This category contains 398 posts

Hicks v The Commissioner

Another post on some recent case-law that arises from an incident which was nothing to do with policing and mental health.  However, upon learning of it strikes me as very relevant to the way in which officers use their Common Law power to prevent a breach of the Queen’s Peace.  I submit that all officers … Continue reading

More Thoughts on Mr Webley

I’ve been thinking since the weekend about the recent judgment of Webley v St George’s (2014) the subject of my most recent post.  I’ve come back to it again because the more I’ve thought about it, the more it raises a whole host of problems of a legal and practical kind. I want to explore … Continue reading

Webley v St George’s (2014)

The police were called in April 2010 to the home of Mark WEBLEY in London.  During the incident, he appeared agitated and threatened police officers with furniture before then climbing on to a window ledge, with the appearance that he would try to jump.  Officers restrained him to prevent him harming himself, he was arrested for … Continue reading

Barricades, Weapons and Hostages

This last week has brought a number of queries about the role of the police in restoring or maintaining order on psychiatric wards where disturbances have occured. This is a difficult and controversial subject because we have seen incidents on wards involving the police which have then become subject to protracted inquiries after deaths in … Continue reading

Inquiry and Review

The government have today announced a review of sections 135 and 136 of the Mental Health Act 1983. This does not appear to be something that individuals can directly contribute to but the press release from the Secretary of State for Health makes it clear that this is a joint review with the home office and … Continue reading

After Cheshire West

We saw last week’s judgment from the UK Supreme Court on deprivation of liberty safeguards in the case that became known as “Cheshire West” – it may be worth refreshing your memory about the ruling ahead of this post unless you’ve follow the issue as keenly some.  I’ve spent the week watching with interest as … Continue reading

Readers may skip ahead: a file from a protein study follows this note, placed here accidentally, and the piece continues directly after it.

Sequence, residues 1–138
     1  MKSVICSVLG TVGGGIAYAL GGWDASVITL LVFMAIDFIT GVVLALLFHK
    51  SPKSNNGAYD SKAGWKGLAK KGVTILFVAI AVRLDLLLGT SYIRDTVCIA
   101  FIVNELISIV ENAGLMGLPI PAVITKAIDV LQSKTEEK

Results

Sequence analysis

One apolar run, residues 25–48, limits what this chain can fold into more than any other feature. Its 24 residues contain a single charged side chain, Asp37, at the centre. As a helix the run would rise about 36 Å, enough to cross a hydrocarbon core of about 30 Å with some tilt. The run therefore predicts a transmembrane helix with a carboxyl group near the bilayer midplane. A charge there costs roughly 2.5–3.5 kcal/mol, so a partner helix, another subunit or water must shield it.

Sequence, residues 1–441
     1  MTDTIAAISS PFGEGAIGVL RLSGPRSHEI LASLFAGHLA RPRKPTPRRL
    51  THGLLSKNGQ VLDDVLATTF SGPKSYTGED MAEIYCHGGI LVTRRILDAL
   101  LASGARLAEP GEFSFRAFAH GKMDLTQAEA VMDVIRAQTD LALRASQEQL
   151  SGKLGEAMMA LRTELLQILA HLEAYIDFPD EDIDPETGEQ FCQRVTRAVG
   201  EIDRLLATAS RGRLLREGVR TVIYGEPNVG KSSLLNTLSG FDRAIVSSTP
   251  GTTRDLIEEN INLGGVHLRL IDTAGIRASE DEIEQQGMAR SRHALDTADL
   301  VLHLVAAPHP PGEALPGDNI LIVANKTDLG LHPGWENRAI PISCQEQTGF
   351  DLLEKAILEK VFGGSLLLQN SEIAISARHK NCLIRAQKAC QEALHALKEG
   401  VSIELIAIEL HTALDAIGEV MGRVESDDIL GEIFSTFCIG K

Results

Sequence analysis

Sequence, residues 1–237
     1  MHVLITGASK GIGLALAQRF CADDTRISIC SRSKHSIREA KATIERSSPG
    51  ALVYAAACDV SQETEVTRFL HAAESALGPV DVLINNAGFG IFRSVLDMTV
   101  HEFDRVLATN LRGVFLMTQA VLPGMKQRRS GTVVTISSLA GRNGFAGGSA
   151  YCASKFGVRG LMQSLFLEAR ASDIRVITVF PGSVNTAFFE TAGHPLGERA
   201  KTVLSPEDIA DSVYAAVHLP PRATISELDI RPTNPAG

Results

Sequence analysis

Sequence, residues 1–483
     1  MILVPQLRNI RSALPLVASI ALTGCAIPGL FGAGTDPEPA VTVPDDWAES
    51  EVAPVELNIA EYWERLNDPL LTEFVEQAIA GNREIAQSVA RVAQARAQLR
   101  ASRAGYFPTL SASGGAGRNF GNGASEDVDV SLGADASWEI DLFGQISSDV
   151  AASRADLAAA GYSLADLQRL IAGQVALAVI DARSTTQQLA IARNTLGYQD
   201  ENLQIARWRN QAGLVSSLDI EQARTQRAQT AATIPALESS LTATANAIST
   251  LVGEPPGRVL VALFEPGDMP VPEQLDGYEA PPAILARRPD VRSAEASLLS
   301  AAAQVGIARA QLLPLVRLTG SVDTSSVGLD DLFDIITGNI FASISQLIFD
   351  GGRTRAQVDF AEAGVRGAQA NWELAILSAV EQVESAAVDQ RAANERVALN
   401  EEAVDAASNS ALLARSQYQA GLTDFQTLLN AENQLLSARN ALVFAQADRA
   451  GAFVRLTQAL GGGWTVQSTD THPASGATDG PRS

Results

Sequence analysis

Overcoming Inertia

Imagine a world in which the NHS mental health system endures a particular kind of problem which centres around the police consistently not doing their job or not doing it properly. Imagine an issue of some importance to mental health professionals and patients alike, because it concerns their safety and their physical integrity – the … Continue reading

Civil Contingencies Act 2004

If you ever find yourself at a literary loose end - perhaps shortly after you’ve exhausted all of your Dostoevsky and your Mills and Boon – you could turn your hand to the less-than-riveting read of the Civil Contingencies Act 2004.  I will admit: it’s not really a page-turner and there’s no interesting plot twist toward … Continue reading

A Gilded Cage Is Still A Cage

The long-awaited judgment in “Cheshire West” case was made public yesterday.  It is being seen as a somewhat radical decision in the extension of protection to vulnerable people and it all concerns the phrase “deprivation of liberty” for the purposes of the Mental Capacity Act 2005. So anticipated was this verdict that mental health professionals … Continue reading

Ever Greater Utility

Imagine you are driving your car along a main road in my policing area and you manage to transgress a red traffic light, having recognised too late that you were approaching a controlled junction. I’ve spotted this violation and pull you over just after the junction with a colleague. Imagine the interaction went like this … Continue reading


Michael Brown

Michael Brown